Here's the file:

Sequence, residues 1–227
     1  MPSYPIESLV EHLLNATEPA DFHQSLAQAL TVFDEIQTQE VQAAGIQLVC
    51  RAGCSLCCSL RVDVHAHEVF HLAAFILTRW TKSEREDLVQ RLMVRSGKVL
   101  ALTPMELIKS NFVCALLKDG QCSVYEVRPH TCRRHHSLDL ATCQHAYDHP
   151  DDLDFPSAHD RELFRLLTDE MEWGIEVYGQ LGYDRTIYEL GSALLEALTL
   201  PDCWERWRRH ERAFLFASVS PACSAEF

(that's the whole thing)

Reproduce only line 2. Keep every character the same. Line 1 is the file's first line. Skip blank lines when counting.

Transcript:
     1  MPSYPIESLV EHLLNATEPA DFHQSLAQAL TVFDEIQTQE VQAAGIQLVC